Another thought ... when I prepare soybeans for milk or tempeh, I soak them for several hours in water. After that, the husk comes off easily by just rubbing them between my palms while still in the bucket. The hulls float to the top and can be skimmed off. You might try that because it's a lot easier to dump a mass of grain in water to soak than shoveling it around with hot coals. You would have to spread them out to dry again though and they may spoil before they dry.

Maybe there is a reason that people have simply threshed and winnowed grain for thousands of years.
I think your yard looks like a lush oasis waiting to happen. It has a LOT of potential and it shouldn't cost more than sweat equity to make it into a beautiful productive space. But ... first things first.  Before you get started, you really have to consider several things.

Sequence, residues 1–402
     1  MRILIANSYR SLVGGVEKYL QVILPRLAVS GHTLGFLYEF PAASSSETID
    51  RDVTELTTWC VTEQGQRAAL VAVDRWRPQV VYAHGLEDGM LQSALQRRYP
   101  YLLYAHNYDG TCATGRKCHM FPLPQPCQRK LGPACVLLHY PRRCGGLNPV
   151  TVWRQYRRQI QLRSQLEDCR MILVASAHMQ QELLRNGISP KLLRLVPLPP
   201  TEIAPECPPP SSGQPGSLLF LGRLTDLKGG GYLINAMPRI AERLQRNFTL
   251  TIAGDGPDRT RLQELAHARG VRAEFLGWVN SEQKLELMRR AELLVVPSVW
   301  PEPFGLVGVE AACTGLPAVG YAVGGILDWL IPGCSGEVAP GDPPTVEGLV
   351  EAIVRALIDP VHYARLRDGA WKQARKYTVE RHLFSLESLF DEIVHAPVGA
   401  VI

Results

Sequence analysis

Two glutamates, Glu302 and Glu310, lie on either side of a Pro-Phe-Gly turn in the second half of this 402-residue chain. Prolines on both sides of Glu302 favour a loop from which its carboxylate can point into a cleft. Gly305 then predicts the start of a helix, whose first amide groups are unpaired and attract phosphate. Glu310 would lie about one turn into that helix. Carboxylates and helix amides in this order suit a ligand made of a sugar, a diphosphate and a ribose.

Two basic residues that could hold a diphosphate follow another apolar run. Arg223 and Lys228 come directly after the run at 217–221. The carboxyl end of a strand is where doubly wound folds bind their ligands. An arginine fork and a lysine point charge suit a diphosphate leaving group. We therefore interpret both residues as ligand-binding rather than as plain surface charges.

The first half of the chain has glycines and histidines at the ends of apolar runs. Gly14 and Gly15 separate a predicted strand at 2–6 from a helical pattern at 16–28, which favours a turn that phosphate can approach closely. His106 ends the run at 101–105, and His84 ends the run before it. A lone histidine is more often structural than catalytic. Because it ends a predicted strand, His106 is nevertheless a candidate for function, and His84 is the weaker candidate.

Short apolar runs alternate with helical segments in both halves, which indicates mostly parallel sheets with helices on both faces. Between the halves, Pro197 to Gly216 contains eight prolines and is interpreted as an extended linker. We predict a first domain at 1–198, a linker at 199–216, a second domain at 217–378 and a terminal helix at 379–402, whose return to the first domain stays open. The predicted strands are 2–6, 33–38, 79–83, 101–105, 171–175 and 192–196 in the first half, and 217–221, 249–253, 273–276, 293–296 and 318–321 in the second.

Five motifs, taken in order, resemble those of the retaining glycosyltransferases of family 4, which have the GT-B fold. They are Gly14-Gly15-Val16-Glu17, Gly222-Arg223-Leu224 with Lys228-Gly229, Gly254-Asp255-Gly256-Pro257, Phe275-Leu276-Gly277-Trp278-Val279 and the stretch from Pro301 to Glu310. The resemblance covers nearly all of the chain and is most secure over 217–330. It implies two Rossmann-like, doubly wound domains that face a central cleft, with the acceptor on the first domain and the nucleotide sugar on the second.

#1 -- Where are you? Not just what state, but what USDA plant hardiness zone (for example, I am in 6b to 7a). Knowing that will help you narrow down your plant choices. You can't plant tropical fruit trees in Montana and apples won't do well in Florida, so it is important to know what your weather extremes may be.

#2 -- What is the aspect of your front and back yards? (Meaning which way do they face?) Sun isn't always full sun and there are many types of shade (light, dappled or full) and the amount of sun or shade each day is more important than the mere fact of having one or the other.